India rolls out 'unrestricted' spy programme
India's Central Monitoring System is completely unrestricted
'Authoritarian' new Indian Central Monitoring System criticised for bypassing courts to monitor user activity seemingly without restriction.
A new monitoring regime deployed in India in April will enable security agencies to spy on citizens without any legal constraints or restrictions. Sources familiar with the project have revealed that the Central Monitoring System (CMS) will enable authorities to tap directly into phone conversations, emails and text messages, as well as monitoring posts on Facebook, Twitter or LinkedIn and tracking searches on Google.
The CMS was announced in 2011 with little accompanying information from the Indian government regarding the specifics and the control mechanisms that would be put in place to prevent abuse. It has now been reported that it will eventually enable authorities to spy on anyone from India’s 900 million landline and mobile users or 120 million Internet users.
The country’s representatives say the sole purpose of the CMS is to protect the country against terrorism, and they remain adamant that disclosing details about the system would make the whole venture far less efficient.
Human rights experts fear it may put innocent people at risk. "If India doesn't want to look like an authoritarian regime, it needs to be transparent about who will be authorised to collect data, what data will be collected, how it will be used, and how the right to privacy will be protected," said Cynthia Wong, an Internet researcher at New York-based Human Rights Watch.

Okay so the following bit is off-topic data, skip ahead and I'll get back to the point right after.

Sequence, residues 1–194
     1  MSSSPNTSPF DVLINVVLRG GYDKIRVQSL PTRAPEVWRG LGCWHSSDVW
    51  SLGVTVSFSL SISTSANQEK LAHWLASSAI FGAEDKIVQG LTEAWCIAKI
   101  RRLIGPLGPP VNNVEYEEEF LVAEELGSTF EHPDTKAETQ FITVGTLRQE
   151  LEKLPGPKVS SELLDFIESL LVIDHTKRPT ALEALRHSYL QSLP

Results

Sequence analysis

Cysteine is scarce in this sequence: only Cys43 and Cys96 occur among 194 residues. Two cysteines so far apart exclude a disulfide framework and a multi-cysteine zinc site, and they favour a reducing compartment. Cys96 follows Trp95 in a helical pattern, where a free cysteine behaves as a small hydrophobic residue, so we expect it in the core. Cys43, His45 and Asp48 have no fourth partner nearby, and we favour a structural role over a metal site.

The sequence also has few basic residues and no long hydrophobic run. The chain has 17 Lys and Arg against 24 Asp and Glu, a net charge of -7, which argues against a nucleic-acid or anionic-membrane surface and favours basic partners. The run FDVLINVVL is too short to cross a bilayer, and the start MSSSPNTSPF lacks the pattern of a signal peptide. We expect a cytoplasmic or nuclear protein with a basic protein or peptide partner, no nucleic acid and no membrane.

India does not have anything like a formal privacy law in place, and the new surveillance system will simply operate under the Telegraph Act that was formulated in 1885 when the country was under British rule.
To back the new surveillance system, government data servers are currently being built on the premises of private telecommunications firms that will enable the security agencies to gain absolute freedom regarding whom they want to monitor. So far, they have had to seek court orders for surveillance, and were dependent on Internet or telephone service providers to give them data. The decision-making power as to who can or cannot be monitored will from now on be solely in the hands of the federal interior ministry.
"Bypassing courts is really very dangerous and can be easily misused," said Pawan Sinha, who teaches human rights at Delhi University. However, a senior telecommunications ministry official disagrees: "If at all the government reads your emails, or taps your phone, that will be done for a good reason. It is not invading your privacy, it is protecting you and your country," he said.
In 2012 India was, according to published information, the world’s second most active seeker of user data after the USA, sending over 4,700 requests to Google.
India's junior minister for information technology, Milind Deora, said the new data collection system would actually improve citizens' privacy because telecommunications companies would no longer be directly involved in the surveillance - only government officials would. Altogether nine government agencies will be authorised to make intercept requests, including the Central Bureau of Investigation (CBI), India's elite policy agency, the Intelligence Bureau (IB), the domestic spy agency, and the income tax department.
"How do we balance security with civil liberties and privacy in today's high-tech but violent world? Can our private lives remain truly private?"
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